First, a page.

Abel Davis is a criminal, hunted in Italy. The police are closing in, so he and his pal Raymond arrange to flee back to France with Abel's wife, Thérèse, and their two young sons. Abel and ... See full summary »
Restless married couple Maria and Paul take a road trip through Spain with their friend Claire. While Paul and Claire carry on a clandestine affair, Maria becomes obsessed with a recent ... See full summary »
A man and a woman arrive in a cafe-hotel near the belgian frontier. The customers recognize the man from the police's description. His name is Amedee Lange, he murdered Batala in Paris. His... See full summary »
Dominique Marceau is on trial for the murder of Gilbert Tellier. The counsels duel relentlessly, elaborating explanations for why the pretty, idle and fickle girl killed the talented and ... See full summary »
Robert Lomax, tired of working in an office, wants to be an artist. So he moves to Hong Kong to try his hand at painting. Finding a cheap hotel, he checks in, only to find it's used by ... See full summary »
Police commissioner Santamaria is investigating the murdering of the ambiguous architect Mr. Garrone. The investigations soon drive him into the Torino's high society. Santamaria suspect ... See full summary »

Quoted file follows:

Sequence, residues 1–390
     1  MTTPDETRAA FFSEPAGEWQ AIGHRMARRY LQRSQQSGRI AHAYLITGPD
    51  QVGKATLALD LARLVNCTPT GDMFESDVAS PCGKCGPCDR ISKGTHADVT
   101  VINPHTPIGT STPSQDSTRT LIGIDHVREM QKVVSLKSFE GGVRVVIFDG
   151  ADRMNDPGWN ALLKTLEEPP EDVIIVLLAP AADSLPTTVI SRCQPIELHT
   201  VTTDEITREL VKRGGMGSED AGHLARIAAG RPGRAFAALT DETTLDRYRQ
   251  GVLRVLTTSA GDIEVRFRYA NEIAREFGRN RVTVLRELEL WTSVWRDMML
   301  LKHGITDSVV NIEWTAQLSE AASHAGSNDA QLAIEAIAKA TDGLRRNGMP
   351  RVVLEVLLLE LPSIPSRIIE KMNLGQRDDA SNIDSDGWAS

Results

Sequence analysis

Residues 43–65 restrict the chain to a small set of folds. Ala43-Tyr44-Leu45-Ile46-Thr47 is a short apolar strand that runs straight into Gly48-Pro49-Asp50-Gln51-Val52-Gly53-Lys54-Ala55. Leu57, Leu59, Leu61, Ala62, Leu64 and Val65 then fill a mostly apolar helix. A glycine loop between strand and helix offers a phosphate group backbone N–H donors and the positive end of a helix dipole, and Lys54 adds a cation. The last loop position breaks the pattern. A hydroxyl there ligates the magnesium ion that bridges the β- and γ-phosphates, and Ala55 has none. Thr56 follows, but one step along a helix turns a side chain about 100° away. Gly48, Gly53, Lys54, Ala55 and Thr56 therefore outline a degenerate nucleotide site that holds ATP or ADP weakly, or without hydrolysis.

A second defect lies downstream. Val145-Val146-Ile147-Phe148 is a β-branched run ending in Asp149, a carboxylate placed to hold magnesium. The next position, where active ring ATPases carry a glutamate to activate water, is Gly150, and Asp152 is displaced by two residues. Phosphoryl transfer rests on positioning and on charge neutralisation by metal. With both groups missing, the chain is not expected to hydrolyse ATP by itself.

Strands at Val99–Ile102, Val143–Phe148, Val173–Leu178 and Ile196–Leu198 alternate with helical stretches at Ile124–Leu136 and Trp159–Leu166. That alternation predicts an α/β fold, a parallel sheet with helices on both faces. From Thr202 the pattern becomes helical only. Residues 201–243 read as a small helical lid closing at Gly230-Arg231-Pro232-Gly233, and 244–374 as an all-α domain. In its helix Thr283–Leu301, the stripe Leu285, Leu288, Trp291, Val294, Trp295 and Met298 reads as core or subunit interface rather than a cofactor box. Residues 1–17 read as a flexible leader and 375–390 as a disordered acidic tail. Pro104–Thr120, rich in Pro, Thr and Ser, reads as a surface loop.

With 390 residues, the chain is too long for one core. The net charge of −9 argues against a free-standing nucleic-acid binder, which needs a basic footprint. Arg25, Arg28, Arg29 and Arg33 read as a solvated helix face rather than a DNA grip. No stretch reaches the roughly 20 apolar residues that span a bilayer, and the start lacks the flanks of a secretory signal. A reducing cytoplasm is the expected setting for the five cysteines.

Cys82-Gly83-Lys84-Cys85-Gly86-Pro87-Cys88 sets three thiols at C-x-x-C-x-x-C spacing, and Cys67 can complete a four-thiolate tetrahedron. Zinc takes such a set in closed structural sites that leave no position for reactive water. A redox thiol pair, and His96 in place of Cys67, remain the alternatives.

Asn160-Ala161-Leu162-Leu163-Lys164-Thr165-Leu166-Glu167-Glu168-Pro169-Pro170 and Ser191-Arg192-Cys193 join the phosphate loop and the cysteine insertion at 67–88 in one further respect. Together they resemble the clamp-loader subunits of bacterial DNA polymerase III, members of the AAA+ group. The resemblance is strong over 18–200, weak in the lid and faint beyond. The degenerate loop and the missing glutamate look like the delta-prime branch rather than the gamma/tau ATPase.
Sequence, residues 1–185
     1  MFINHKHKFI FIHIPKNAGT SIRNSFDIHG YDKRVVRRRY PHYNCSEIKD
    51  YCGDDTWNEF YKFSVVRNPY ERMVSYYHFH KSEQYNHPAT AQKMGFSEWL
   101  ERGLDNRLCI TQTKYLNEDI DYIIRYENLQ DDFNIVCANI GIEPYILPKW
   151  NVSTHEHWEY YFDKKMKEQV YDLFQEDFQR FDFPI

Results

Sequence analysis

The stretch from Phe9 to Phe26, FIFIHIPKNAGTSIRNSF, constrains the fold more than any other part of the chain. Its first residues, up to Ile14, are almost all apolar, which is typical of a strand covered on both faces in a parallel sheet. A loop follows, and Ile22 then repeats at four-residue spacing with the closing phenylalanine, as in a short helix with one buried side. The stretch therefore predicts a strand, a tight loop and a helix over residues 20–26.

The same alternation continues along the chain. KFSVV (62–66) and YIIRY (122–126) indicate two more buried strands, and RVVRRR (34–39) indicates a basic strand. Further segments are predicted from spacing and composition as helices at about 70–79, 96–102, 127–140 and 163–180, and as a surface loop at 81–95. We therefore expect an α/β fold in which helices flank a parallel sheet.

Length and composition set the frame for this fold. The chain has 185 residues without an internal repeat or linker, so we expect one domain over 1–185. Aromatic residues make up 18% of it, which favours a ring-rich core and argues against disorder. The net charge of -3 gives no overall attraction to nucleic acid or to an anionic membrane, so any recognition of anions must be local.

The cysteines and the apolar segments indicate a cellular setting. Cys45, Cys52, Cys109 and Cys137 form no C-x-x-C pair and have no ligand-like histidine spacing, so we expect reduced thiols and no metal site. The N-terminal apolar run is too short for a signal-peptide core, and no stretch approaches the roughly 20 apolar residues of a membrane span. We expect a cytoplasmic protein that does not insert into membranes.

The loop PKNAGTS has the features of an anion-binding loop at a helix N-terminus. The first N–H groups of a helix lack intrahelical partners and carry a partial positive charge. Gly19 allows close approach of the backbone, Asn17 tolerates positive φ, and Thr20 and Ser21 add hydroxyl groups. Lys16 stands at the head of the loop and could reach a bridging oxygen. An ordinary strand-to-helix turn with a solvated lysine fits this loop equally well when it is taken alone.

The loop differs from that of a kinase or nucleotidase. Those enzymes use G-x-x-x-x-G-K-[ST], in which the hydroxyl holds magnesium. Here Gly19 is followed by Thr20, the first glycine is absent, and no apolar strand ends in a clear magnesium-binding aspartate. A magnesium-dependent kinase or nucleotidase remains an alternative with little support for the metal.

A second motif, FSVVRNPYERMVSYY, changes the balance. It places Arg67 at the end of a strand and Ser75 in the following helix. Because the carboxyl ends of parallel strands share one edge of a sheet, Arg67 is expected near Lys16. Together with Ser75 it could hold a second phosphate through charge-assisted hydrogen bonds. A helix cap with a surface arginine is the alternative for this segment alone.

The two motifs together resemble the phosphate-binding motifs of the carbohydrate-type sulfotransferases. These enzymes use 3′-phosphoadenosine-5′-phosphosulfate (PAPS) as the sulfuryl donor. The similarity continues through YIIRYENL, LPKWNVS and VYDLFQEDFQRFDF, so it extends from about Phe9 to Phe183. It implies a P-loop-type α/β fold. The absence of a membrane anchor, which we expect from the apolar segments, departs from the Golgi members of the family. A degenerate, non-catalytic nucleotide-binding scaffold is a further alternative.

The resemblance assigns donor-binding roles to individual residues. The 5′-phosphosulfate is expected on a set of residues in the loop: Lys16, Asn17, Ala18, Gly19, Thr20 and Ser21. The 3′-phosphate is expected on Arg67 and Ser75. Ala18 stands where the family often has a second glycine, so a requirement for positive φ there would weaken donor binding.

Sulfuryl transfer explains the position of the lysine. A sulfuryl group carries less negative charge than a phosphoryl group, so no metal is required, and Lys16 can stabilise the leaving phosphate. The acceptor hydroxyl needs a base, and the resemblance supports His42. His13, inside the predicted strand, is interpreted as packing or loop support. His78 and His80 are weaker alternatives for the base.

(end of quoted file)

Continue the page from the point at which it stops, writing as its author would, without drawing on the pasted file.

Peter Brooks' film of Marguerite Duras' Moderato Cantabile is one of those good ideas that should make for a better film, but in its determinedly artistic distance and relentless melancholy it never draws you into its characters lives enough to make you care about the inevitable outcome. Jeanne Moreau's dissatisfied wife of the local steel mill owner finds herself increasingly fascinated with a crime of passion after overhearing the victim's scream and seeing her lover/killer taken away by the police and is drawn repeatedly back to the scene of the crime. Equally fascinated by her, Jean Paul Belmondo's steelworker starts inventing details about the doomed lovers to get closer to her. Even though she knows he's lying, his version starts to fill a void in her soul and a need for a vicarious romantic tragedy of her own but from the monotonous gloom of their surroundings and the desperate emptiness of their meetings, it's obvious a happy ending isn't on the cards...
It perfectly captures the dull grey feel of a small dead end coastal town and Armand Tirard's crisp black and white CinemaScope photography (beautifully preserved on the Australian DVD) is easily the best thing about the film, but the film is as drained of real passion as the characters and the minimalism and predictability of every plot and emotional development of its determinedly internal narrative (you just know you're going to hear that less than convincing scream again) makes it all seem rather superficial and uninvolving. There may well be more nuance and meaning in Duras' original story, but Brook never really finds a cinematic equivalent with the result that there's less than meets the eye to the film. Still, if it were made today the plot would suddenly make a U-turn into woman-in-peril territory as Belmondo turned out to be the real killer and Moreau his next intended victim, so for sparing us that cliché at least it probably deserves an extra point.
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